California has over 700 inmates on death row, more than any state in the U.S. But despite the hundreds of prisoner sentenced to death, California hasn't executed anyone in over a decade.
All because of an investigation around the planned execution of Michael Morales in 2006. His scheduled lethal injection was halted when the state was unable to determine a lethal injection procedure that would guarantee a humane death. Since the Morales case, California has continued to pursue a revised method of execution, but to no avail.
The Morales case put a national spotlight on the high number of botched executions as well as medical evidence pointing to inhumane results through the established protocol. The three injection method used since the 1980's has the potential to induce a drawn out, painful death, surmounting in what legally constitutes as torture. A handful of other states followed California's lead and have also halted executions.
This Wednesday, the California Department of Corrections and Rehabilitation is expected to release a new proposal for administering legal injections. The state will consider a single drug injection, but other the debate over the efficacy of such a method persists.
Take Two's A Martinez spoke with Deborah Denno. She teaches law at Fordham University and specialized in death penalty policy.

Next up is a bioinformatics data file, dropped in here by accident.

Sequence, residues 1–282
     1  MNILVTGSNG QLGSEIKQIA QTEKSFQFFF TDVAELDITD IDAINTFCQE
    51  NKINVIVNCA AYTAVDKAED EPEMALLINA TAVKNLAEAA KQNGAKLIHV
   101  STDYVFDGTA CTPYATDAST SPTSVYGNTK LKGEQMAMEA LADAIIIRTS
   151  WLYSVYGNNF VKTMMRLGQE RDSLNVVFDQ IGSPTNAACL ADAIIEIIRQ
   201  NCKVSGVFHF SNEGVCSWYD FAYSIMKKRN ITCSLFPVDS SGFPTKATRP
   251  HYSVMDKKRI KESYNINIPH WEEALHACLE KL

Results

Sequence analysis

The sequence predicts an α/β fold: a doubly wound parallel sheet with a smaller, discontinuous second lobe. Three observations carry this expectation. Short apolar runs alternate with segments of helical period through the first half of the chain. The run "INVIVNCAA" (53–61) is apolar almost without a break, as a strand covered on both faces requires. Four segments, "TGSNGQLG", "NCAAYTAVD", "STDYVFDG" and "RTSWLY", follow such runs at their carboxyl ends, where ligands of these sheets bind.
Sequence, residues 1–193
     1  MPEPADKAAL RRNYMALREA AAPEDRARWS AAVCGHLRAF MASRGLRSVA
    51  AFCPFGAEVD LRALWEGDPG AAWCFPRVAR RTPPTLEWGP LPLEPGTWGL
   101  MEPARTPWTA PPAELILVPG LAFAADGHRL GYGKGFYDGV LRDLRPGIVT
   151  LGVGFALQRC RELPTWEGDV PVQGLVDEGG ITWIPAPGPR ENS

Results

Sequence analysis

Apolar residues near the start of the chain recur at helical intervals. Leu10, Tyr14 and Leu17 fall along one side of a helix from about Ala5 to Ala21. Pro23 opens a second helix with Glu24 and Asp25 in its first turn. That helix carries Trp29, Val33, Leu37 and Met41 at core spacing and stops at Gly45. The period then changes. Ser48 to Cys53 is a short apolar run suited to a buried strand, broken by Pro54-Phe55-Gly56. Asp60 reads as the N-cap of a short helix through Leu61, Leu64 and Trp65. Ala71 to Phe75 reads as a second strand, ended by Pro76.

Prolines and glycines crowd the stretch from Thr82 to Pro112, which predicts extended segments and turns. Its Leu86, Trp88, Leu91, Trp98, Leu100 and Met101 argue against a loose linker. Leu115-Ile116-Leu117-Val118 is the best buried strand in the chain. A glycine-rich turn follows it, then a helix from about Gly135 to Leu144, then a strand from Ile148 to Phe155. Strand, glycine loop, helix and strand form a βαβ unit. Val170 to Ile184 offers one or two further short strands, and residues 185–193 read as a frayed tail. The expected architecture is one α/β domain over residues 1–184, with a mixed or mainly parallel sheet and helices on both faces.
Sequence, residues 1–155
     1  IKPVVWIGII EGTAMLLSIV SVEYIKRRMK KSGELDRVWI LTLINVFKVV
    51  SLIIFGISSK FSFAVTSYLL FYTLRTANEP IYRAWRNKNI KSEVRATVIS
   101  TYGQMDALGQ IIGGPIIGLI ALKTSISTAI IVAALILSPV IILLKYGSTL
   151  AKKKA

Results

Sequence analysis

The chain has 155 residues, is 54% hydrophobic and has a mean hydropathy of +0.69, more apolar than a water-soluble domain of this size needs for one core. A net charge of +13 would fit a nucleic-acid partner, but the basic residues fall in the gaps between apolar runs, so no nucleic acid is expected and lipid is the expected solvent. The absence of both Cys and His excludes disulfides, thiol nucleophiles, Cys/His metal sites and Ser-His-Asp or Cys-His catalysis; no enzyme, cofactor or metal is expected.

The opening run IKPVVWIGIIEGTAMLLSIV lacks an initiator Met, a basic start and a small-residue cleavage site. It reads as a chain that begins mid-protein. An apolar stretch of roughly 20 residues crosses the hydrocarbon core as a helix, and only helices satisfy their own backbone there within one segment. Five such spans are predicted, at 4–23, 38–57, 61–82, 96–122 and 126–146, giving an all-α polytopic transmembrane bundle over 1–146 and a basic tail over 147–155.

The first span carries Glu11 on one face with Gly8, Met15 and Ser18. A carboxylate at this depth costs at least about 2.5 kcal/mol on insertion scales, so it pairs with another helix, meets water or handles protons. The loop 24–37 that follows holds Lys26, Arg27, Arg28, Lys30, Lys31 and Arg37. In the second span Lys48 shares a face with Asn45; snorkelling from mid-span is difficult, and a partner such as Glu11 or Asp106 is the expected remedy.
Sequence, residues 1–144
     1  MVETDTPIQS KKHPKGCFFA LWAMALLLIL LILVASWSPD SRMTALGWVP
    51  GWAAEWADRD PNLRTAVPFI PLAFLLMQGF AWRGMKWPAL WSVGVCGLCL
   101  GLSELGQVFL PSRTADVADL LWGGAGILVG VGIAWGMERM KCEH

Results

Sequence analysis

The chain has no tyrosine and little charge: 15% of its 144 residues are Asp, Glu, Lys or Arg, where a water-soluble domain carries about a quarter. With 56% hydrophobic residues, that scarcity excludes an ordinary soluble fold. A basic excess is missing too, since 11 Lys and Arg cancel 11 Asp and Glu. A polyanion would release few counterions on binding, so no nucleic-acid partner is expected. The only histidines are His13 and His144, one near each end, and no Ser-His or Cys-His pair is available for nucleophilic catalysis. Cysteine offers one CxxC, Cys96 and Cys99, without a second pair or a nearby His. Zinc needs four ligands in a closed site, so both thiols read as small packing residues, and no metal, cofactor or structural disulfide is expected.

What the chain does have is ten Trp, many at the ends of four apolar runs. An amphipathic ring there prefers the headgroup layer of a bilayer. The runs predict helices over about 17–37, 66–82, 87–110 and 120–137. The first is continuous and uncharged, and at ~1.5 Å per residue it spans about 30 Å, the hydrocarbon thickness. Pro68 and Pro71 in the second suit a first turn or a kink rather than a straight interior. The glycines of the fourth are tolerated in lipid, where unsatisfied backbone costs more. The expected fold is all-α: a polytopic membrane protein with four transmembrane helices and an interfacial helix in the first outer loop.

How the common, three drug lethal injection procedure may have inhumane consequences:
The typical lethal injection process is a three drug protocol. The first drug is suppose to make the inmate unconscious. The second is suppose to paralyze that inmate. And the third drug is suppose to induce cardiac arrest.
If the inmate doesn't get enough of the sedative– the drug that's suppose to make them unconscious– and they're injected with the paralytic, it can be an intensely painful process. And the inmate won't show that pain because that inmate will be paralyzed. And then they'll be induced to have cardiac arrest, and that's excruciatingly painful.
California has eliminated those last two drugs but still, their process is terribly problematic.
Why concerns remain even with the single injection method:
We know there's problems with the drugs that have been recommended. We know there's problems with the team– who is going to be implementing the process. And we know there are problems even with the training. Everything in this proposal, which I've looked at in great detail, is extremely vague. ... The parts that are most important such as where they're going to be getting the drugs aren't clear at all.
Probably every lethal injection state is having a problem getting ahold of these drugs. And the California protocol does not mention where they're going to be getting these drugs. And the source of these drugs is critically important.
*Quotes edited for clarity*
To hear the full interview with Deborah Denno, click on the on the blue Media Player above.